If you live in Canada, you might think the North Division is the National Hockey League this season.
Your belief would be reinforced with a look at the statistical leaderboards. It’s been all Canada, all the time.
Let’s shed a little light on the Lower 24 with the return of the Friday Five, giving thought to quips, questions and quotes that pop up around the league.
1. Lafreniere’s Slow Start.
To say it’s been a tough go for Alexis Lafreniere in Rangerstown would be an understatement. With one goal and no assists in 15 games, Lafreniere is off to the worst start for a No. 1 overall pick since Patrik Stefan in the 1999-2000 season – and one of the worst of all time. Even then, Stefan had three goals and seven points in his first 15 games. Nail Yakupov, the No. 1 pick in 2012, also made his debut in a shortened season and finished with 17 goals and 31 points in 48 games. Yakupov had five goals and nine points by this point. Remember, Lafreniere, the 2020 Canadian World Junior hero, was expected to potentially have a 60-point impact as a rookie. The Rangers have struggled, and some have wondered about Lafreniere’s speed and stamina contributing to his skid, but confidence has to be a factor at this point.
2. Is this the year the Calder goes to a goalie?
The door is wide open for Chicago’s Kevin Lankinen and Washington’s Vitek Vanecek this season. Steve Mason was the last netminder to win Rookie of the Year, back in 2008-09 with the Columbus Blue Jackets. Lankinen, 25, has been nothing short of a revelation for the Hawks with a .931 save percentage in 12 starts, seizing hold of the No. 1 job while putting his name in the mix for Finland’s Olympic team. Vanecek, also 25, has admirably spelled the Caps in the absence of one of last season’s rookies in Ilya Samsonov while he was on the COVID-19 list. Vanecek is 7-3-2 with a .909 save percentage. Also, if the Rangers turn it around, don’t sleep on Igor Shesterkin, who has still managed a .918 save percentage despite a 3-5-1 record.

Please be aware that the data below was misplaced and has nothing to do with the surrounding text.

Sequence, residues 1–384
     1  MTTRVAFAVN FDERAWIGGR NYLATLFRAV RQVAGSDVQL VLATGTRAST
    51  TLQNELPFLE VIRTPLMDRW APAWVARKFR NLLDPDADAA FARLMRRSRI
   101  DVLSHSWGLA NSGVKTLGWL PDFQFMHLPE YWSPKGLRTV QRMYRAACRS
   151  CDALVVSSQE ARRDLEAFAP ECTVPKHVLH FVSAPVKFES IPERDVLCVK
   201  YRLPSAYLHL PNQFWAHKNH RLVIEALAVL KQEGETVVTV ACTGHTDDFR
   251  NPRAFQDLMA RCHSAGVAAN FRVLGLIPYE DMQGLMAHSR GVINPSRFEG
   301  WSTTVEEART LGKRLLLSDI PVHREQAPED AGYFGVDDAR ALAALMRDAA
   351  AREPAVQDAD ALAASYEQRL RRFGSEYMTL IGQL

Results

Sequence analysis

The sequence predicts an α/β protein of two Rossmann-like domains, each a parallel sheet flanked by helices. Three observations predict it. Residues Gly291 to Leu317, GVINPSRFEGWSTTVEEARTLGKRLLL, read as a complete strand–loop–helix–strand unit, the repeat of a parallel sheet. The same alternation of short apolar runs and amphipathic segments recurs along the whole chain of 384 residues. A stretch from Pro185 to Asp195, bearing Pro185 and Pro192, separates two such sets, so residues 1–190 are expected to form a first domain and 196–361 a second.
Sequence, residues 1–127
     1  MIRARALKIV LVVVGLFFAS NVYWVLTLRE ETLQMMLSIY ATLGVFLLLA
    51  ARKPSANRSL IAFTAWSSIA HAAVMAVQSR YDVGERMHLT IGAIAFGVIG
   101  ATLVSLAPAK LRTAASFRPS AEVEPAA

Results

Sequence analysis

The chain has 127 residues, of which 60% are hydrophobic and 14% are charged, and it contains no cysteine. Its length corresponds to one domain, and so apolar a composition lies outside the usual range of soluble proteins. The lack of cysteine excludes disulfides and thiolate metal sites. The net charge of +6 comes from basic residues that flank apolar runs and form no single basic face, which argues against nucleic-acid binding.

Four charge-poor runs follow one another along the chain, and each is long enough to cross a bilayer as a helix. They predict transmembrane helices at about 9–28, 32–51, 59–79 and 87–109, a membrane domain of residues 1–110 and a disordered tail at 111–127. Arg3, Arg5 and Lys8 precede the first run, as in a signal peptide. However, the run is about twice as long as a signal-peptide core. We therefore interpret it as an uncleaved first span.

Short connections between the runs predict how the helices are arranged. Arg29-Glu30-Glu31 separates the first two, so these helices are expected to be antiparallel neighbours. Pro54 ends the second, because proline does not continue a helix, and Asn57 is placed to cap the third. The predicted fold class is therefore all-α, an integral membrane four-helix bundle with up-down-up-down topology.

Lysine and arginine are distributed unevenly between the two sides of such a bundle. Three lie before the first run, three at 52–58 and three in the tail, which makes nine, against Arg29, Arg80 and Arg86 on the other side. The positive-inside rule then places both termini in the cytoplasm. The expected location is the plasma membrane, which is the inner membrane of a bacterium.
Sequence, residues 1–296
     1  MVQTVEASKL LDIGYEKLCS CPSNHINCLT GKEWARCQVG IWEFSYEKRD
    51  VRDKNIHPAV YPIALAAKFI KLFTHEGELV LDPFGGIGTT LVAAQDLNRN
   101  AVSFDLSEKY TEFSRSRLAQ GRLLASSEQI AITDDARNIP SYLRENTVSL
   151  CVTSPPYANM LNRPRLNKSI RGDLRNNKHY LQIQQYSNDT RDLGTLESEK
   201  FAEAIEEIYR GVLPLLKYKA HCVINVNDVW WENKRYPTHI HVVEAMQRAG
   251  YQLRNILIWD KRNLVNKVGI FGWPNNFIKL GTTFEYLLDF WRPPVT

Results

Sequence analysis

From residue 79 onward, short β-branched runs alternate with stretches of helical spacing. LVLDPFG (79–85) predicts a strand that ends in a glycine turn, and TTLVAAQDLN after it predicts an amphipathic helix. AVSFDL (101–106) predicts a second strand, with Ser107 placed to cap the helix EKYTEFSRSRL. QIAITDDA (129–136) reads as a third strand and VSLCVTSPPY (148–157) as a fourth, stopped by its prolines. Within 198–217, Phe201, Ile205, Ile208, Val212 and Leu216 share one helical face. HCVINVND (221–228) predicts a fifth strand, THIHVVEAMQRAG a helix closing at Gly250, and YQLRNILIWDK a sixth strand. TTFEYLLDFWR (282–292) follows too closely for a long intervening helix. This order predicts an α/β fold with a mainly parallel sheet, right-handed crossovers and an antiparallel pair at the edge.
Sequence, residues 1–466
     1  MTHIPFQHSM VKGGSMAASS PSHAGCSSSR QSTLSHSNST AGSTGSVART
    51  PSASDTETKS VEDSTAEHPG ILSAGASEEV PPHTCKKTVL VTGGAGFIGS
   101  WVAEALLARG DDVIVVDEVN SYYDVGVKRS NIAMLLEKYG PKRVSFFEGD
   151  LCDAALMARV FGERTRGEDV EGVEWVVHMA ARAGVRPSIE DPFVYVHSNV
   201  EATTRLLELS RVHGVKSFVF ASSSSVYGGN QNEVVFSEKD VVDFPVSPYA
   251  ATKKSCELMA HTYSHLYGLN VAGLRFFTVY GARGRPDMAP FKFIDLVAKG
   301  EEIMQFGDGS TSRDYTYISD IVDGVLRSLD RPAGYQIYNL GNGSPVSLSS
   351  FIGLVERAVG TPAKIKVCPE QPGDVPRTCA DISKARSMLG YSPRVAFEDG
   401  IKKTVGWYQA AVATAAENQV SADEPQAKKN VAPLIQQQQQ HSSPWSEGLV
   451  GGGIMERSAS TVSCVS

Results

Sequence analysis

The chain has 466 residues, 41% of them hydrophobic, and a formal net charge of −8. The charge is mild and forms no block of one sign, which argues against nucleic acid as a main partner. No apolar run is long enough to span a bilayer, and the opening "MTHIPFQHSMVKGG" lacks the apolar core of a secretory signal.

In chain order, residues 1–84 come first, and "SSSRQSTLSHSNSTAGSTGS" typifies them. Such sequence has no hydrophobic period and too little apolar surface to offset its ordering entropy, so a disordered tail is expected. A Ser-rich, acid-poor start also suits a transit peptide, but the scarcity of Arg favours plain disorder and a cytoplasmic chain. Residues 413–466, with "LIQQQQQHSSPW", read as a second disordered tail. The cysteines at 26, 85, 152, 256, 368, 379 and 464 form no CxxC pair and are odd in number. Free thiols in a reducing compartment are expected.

3. Penguins goalie woes.
It’s hard to think of a more qualified man to fix what ails the Pittsburgh Penguins than newly hired GM Ron Hextall. The Pens rank 30th out of 31 teams in save percentage with a ghastly .881 mark. The league average this season is .903. Just playing at league average this season, or even slightly below it at .900, would have resulted in nine fewer goals to this point and pushed Pittsburgh’s goal different from minus-3 to plus-6. That is probably the difference between making and missing the playoffs in the razor-thin East Division, another reason why goaltending is Hextall’s first priority. There doesn’t appear to be an avenue open to pry Pittsburgh native John Gibson out of Anaheim. But would Darcy Kuemper fit the bill from Arizona?
4. Panthers’ start: Trick or Treat?
It’s not Halloween, but that’s usually the time of year we’re asking ourselves these questions about a hot start to the season. Frankly speaking: It feels like Florida’s 10-2-2 run is a steamy mirage in the Everglades. Jonathan Huberdeau and Sasha Barkov have proven they can produce above a point-per-game pace. Patric Hornqvist and Carter Verhaeghe? Not so much. Chris Driedger has played out of his mind with a .924 save percentage. Florida’s power play has clicked with Keith Yandle, who was effectively booted from the team in training camp. Plus, there are some schedule effects. They have faced backups Curtis McElhinney and Alex Nedeljkovic in back-to-back games, haven’t faced the Dallas Stars yet, or felt the wrath of their now truly condensed schedule. We shall see.
5. Schedule effects.
The NHL is running out of runway with a team like the Stars, who had four games postponed this week due to the winter weather emergency in Texas. They were already scheduled to play at late as May 10, though the regular season was scheduled to conclude on May 8 and the Stanley Cup playoffs are to begin on May 11. The Stars now have 44 games to play over the final 80 days. It’s even more than that (45 games) for the COVID-stricken New Jersey Devils. The virus continues to wreak havoc on schedules, standings, stats, and the effects are far-reaching, including how we might vote and consider award winners, and even who might make/miss the playoffs if uneven schedules are played. It’s been a wild ride.
Contact Frank Seravalli on Twitter: @frank_seravalli